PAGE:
Looking back at California’s Blue Ribbon Report following the fires of 2003

California fires October, 2003
Southern California fires, October 2003. Moving northwest to southeast along the coast, the first cluster of red dots is a combination of the Piru, Verdale, and the Simi Incident Fires; The next cluster-to the east of Los Angeles-is the Grand Prix (west) and Old (east) Fires; To their south is the Roblar 2 Fire; Next is the Paradise Fire; Then the massive Cedar Fire, whose thick smoke is completely overshadowing the coastal city of San Diego; Finally, at the California-Mexico border is the Otay Fire. (A fire in Baja California is also visible.) NASA photo.

It has been a decade since numerous large fires burned hundreds of thousands of acres in southern California in late October, 2003.

Some of the larger ones included Piru, Grand Prix, Old, Paradise, Padua, Simi, Roblar 2, Verdale, Mountain, and Otay. And the Cedar Fire east of San Diego is still ranked as the largest fire in the recorded history of California. The first night it killed 14 people. The fire burned 273,246 acres, and destroyed 2,232 homes in eastern San Diego County. While trying to defend a house near Santa Ysabel, fire Captain Steven Rucker, 38, from the Novato Fire Department was overrun by the fire and killed.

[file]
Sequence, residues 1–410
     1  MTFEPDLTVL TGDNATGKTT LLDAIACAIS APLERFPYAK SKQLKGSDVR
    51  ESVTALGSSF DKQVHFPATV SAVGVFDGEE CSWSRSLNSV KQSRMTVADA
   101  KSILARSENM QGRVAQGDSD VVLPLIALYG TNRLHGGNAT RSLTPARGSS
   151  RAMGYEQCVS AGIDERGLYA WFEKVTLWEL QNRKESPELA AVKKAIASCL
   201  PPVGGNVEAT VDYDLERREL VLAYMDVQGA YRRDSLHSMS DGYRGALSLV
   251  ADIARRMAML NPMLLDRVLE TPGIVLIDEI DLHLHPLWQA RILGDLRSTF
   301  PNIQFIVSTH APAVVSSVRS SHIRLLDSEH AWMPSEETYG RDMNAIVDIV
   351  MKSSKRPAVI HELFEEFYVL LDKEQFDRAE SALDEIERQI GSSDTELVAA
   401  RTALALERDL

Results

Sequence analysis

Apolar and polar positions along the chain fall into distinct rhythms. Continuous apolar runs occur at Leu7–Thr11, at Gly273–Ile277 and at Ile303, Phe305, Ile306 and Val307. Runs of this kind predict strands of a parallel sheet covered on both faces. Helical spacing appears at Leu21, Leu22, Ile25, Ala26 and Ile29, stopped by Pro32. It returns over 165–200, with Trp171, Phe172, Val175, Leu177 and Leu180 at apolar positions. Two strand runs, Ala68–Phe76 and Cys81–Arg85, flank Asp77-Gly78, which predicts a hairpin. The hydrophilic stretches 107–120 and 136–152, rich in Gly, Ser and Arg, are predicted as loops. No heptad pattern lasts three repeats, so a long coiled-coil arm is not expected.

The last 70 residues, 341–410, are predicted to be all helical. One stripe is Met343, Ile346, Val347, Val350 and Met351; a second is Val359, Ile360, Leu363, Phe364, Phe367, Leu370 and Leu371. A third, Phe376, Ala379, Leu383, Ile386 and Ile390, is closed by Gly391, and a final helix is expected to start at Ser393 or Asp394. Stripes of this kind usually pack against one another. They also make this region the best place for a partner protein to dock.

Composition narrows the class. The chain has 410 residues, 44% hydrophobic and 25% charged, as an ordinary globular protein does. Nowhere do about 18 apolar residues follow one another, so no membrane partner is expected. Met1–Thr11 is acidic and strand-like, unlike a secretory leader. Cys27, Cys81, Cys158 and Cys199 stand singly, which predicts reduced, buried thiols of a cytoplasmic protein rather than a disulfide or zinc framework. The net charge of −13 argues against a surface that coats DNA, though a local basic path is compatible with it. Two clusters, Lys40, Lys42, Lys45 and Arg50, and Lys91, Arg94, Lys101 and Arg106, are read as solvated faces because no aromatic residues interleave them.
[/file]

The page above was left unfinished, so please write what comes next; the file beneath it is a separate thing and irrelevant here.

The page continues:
After that fire season the Blue Ribbon Fire Commission’s subsequent 232-page report made more than 40 recommendations. The Sacramento Bee summarized the status of some that were more notable:

  • Allocating “sufficient funds” to state and local fire agencies to address California’s fire prevention and suppression needs. Status: Budget cuts reduced funding. A new fire-prevention fee generated an estimated $85 million in the 2012-13 fiscal year.
  • Replacing and diversifying Cal Fire’s “aging helicopter fleet.” Status: Cal Fire is finishing up design specifications for a helicopter with night-flighting and other firefighting capabilities.
  • Creating a “multi-layered” public education campaign for people living in fire-prone areas. Status: There is no stand-alone state campaign. A mix of local and nonprofit groups is publicizing the risk.
  • Adopting new building codes for vents, roofing and other features for homes. Status: Codes were passed by Legislature in 2004 and required of new construction in 2008.
  • Expanding vegetation clearance around homes. Status: In 2004, the Legislature increased defensible space from 30 feet to 100 feet.
  • Acquire 150 additional fire engines to address California’s fire suppression needs. Status: The state purchased 19 fire engines in 2008. Twenty-five more engines will be delivered in 2014.

More information:

  • Blue Ribbon Commission’s Report on the 2003 fire season, released in 2004 (warning: large 20 MB .pdf file)
  • September, 2004 update on recommendations
  • November, 2005 update on recommendations
  • January, 2008, Blue Ribbon Fire Task Force Update (including 2007 Southern CA Firestorm)


Thanks go out to Ken

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Author: Bill Gabbert

After working full time in wildland fire for 33 years, he continues to learn, and strives to be a Student of Fire.